It was a lovely Saturday morning.

I was still in my robe enjoying a second cup of coffee when the phone interrupted my tranquility. It was a good friend whose daughter’s world had just been shattered. She had come home from work the night before and found a note on the table from her husband who was leaving with an abrupt announcement that another woman was the most important person in the world to him. Their children didn’t matter anymore. Church friends didn’t matter. He had already filed the divorce papers. The family was devastated.

I was still reeling from that announcement when the silence was broken again by another phone call. This time it was a church member asking us to pray for her family. Her 26-year-old nephew has just been found dead in his bed. He had battled drug addiction for many years, but it had finally claimed his life. Once again, a family was shattered.

Again, that morning, another phone call brought more bad news. A good friend of our daughter, just 40 years old, had suffered a heart attack and was in critical condition in the hospital.

Interruptions like these in our lives, problems that we cannot foresee, are like thorns. They reach out and grab us when we least expect them. We all suffer from them. It may be cancer, it may be a wayward child, it may be sexual abuse, or it may be a difficult marriage, an addiction, financial worries, or depression. Sometimes these circumstances are used by the Spirit to bring a person to the point that he recognizes his need for a Savior. During a recent missions conference, one of our guests shared her testimony about severe depression which began when she was in her teen years. Through the years it grew so severe that she was unable to leave her house or care for her family. When she became so miserable that she wanted to die, she finally cried out for deliverance to the Lord and she was saved. Today, she is on deputation to go to Italy as a missionary.

If you are a Christian, you pray that God will change your circumstances, knowing that He is able to do anything. But many times, the answer that you expected from your prayers does not come. You are left with “silence.” There may never be an answer as to why, but we can know Who allows us to live with these conditions.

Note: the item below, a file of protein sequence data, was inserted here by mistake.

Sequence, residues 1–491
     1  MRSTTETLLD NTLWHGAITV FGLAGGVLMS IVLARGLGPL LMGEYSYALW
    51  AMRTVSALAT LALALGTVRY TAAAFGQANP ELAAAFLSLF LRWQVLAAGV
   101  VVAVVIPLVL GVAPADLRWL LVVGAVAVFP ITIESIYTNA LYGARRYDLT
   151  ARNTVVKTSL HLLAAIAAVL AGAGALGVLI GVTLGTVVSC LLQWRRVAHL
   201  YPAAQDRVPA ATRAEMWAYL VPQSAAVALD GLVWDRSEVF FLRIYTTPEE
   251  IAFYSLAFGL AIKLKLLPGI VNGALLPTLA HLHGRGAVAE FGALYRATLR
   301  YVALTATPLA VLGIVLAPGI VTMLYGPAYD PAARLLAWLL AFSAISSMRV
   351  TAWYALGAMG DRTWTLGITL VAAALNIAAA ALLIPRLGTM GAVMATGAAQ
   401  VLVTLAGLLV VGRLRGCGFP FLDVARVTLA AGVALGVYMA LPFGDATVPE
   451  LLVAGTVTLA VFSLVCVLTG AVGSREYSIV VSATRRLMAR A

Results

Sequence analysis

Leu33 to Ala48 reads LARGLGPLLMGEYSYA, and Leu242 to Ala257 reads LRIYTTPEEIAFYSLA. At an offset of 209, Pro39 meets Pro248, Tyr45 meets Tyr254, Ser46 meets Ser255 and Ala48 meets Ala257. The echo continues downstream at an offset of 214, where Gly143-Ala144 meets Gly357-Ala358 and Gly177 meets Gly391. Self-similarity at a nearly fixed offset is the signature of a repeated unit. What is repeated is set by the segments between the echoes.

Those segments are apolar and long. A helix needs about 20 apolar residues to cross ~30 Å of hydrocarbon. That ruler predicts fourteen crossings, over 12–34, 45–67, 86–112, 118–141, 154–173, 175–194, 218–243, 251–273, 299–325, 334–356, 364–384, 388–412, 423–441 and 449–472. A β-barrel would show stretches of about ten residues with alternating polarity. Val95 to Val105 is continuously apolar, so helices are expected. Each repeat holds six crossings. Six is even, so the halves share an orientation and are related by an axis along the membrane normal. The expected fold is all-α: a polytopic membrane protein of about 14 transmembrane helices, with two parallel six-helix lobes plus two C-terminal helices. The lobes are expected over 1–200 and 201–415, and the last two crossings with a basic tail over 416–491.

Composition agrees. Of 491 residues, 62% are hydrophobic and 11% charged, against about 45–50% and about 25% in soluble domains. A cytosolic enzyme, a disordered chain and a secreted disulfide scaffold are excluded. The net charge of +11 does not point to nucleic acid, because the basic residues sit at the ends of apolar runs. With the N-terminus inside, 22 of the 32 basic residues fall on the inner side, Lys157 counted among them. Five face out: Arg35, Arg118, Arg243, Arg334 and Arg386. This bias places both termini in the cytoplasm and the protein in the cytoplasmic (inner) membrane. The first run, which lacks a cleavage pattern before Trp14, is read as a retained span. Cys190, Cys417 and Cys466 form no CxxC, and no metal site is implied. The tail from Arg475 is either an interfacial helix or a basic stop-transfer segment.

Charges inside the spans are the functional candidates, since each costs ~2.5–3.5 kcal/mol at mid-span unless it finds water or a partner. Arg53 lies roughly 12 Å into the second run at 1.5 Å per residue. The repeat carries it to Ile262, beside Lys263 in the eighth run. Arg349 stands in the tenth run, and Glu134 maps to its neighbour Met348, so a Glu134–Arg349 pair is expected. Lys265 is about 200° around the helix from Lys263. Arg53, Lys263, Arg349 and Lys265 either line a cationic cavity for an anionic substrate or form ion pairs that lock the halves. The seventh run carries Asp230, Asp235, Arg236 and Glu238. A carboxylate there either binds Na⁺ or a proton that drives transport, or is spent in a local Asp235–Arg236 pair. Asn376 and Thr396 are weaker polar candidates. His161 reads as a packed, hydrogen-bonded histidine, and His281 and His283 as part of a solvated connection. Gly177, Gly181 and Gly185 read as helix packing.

Jesus identified with all our pain and suffering when he wore a crown of thorns. He was indeed a “man of sorrows and acquainted with grief” (Isaiah 53:3). That’s why He took on human flesh. That’s why He came. He wanted to be able to say, “I know what you’re going through and I understand.” He doesn’t always take away the sting of the thorns, but he makes them bearable.

As I read through the Psalms, I am constantly reminded of how much David cried out to the Lord to remove his enemies. For more than fifteen years he was a fugitive. He suffered from loss of family, friends, and home. He was often cold, hungry and lonely. Yet, from those experiences, one can observe a progression in the Psalms of his knowledge of God. He learned to put his confidence in Him. He learned to trust Him. He learned that God is faithful. He learned that He is a hiding place. He learned that the sacrifices of God are a broken spirit, a broken and contrite heart. He learned that salvation comes from God.

Three years ago, our eleven-year-old grandson, David, became sick with what was thought to be the flu. But the “flu” turned out to be a ruptured appendix, and by the time he was rushed to the hospital, he had gone into cardiac arrest. Doctors at Riley Children’s Hospital performed emergency surgery after which David was put onto life support. Several pastors and family members gathered and prayed for the Lord to spare his life. This did not happen, and David went to heaven. This has been one of those thorns that left an indelible imprint in my life. The pain is still there, but the Lord has given me Romans 8:35-39:

“Who shall separate us from the love of Christ…neither death, nor life, nor angels, nor principalities, nor powers, nor things present, nor things to come…shall be able to separate us from the love of God which is in Christ Jesus our Lord.”

I know that our Lord loved David, and that He loves us and was in control of this situation. There will be thorns in your life, but as you pray to God to change your outward circumstances, remember, He may be using the circumstances to change you at your core. Thorns are painful and never welcomed. But God can use them to make us stronger, more dependent upon Him, more sensitive to the trials of others, and more hopeful of a future time when there will be no more thorns. If, and when, you are called upon to endure thorns of sorrow and suffering, remember the truth of these lines of Robert Browning Hamilton:
I walked a mile with pleasure
She chattered all the way
But left me none the wiser for all she had to say.
I walked a mile with Sorrow,
and ne’er a word said she.
But, oh! The things I learned from her,
when Sorrow walked with me.

Written by  Ellen Slutz. This article was published in the Spring 2011 edition of The Beautiful Spirit magazine.
To contact Ellen, leave us a comment, email, or message us on Facebook.

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